Sweet Seasonal Success
Food in CanadaFood Trends Products Research & Development Confectionery chocolate Halloween M&Ms Maltesers Milky Way Nestlé Canada Nielsen Purdy's Valentine's Day
Seasonal confectionery hits a homerun for candy makers, while meeting the shopping demands of consumers
By Rebecca Harris
Chocolate and candy brands do a hopping business around the holidays. According to Nielsen, the total confectionery category is worth nearly $2.5 billion in Canada, and the top five sales weeks for candy and chocolate all surround holidays. Halloween leads candy sales with nearly five per cent of annual sales, compared to 1.9 per cent for the average week. Chocolate, on the other hand, has its highest sales around Christmas/Hanukkah (5.8 per cent) and Easter (5.2 per cent).
It’s clear that there is strong demand for holiday treats, but as the seasons change so do consumers’ needs and preferences. For example, they’ll likely buy in bulk for trick-or-treaters at Halloween, or fall for a heart-shaped box to gift at Valentine’s Day. The key for confectionery manufacturers and retailers is to offer customers the right selection in the right format for all the different holiday occasions.
“The opportunity [in the seasonal category] is maximizing reach and participation in each one of the need states for each season,” says Martin Spencer, vice-president, Strategic Demand, at Mars Wrigley Confectionary. “For example, when we think about Easter, we think about what formats could work for Easter morning, what formats could work for sharing and what formats could work for single or personal consumption.”
Looking at Nielsen data from the U.S., items that are growing within Easter are formats associated with sharing, notes Spencer. In 2016, the Easter decorating and snacking segment accounted for 46 per cent of dollar sales for the season. While medium-size bags account for nearly half of decorating and snacking sales, extra-large bags saw the fastest growth.
“Our product portfolio has really complemented the trend that we see there,” says Spencer. “What’s really selling are items in sharing bags or things that are sold in bags that parents can put into their own plastic eggs for the egg hunt on Easter morning.” For example, M&M’s Peanut Butter Speckled Eggs now come in a new “sharing size” 7.05-oz (200-g) package.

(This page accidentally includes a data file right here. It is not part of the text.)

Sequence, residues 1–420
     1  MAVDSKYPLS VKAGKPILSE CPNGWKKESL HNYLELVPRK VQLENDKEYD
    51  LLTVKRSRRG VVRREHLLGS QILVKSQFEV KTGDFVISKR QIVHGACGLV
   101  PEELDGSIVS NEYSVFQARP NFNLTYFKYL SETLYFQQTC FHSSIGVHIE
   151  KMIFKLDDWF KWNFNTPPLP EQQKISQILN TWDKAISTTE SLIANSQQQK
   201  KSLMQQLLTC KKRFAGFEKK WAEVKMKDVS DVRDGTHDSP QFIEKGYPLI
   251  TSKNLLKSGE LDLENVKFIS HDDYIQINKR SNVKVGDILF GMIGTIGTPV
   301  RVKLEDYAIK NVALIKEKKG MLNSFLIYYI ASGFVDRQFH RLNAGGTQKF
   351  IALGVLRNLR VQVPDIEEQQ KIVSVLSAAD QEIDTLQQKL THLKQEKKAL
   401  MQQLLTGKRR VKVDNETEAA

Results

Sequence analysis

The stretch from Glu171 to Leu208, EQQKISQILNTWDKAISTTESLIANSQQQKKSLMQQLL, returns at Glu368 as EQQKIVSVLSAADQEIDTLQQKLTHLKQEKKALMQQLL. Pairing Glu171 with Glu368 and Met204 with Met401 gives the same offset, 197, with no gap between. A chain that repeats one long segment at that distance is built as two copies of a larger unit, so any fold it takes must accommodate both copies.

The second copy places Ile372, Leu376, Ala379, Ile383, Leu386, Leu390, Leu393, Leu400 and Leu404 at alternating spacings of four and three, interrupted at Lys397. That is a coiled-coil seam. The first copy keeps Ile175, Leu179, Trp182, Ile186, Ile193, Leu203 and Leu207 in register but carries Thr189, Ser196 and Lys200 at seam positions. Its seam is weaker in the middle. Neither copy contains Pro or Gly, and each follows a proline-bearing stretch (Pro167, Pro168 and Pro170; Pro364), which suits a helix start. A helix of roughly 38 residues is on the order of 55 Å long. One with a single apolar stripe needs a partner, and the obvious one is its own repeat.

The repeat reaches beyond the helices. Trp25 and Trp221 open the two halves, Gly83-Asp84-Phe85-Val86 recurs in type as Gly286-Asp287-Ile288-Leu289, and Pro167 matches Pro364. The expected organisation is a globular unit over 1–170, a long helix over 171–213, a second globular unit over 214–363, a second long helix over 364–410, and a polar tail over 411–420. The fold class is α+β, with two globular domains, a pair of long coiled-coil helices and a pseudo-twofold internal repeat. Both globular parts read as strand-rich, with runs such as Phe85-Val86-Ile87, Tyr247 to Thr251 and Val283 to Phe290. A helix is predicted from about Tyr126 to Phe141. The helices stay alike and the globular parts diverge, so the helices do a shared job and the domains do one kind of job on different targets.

Generally speaking, there are two product types that work well within seasonal confectionery, says Spencer. “The first is traditional favourites that you would associate with the seasons, for example, the iconic Lifesavers storybook at Christmas time,” he says. “The second is everyday brands in a seasonal format.” For example, during the Christmas season, Mars Wrigley sells a reindeer-shaped version of Maltesers called Merryteaser, and a bunny shaped one at Easter called MaltEaster. “Maltesers is a brand that people know and love on an everyday basis, and to get it in a seasonal variance is something that resonates,” says Spencer. Also at Easter, Mars Wrigley sells M&M’s Milk Chocolate Speckled Eggs and Peanut Butter Speckled Eggs. “Everybody loves M&M’s…and at Easter time we provide it to [consumers] in a speckled egg format, with a unique shape and fun colours that are associated with springtime.”
Chocolate is an important part of gifting throughout the winter holiday season, so it’s important for consumers to be able to purchase a variety of sizes and packaging, says May Zeibak, Consumer Insights manager at Nestlé Canada. Nestlé’s Turtles brand, for example, is available in a small stocking-stuffer size (83 g), casual gifting size (200 g), hostess gifting size (350 g) and a formal gifting premium tin (333 g).
“Bigger boxes are used for more formal gifts or to bring as a hostess gift, while the smaller boxes are used for stocking stuffers or as emergency gifts to have on hand,” says Zeibak. “Shoppers want everyday brands at Christmas, but they have to offer something extra with strong seasonal cues — either in product or packaging. While shoppers pay some attention to price, it’s not a top factor in the decision process during the season. The product itself, as well as giftable packaging, are much more important considerations.”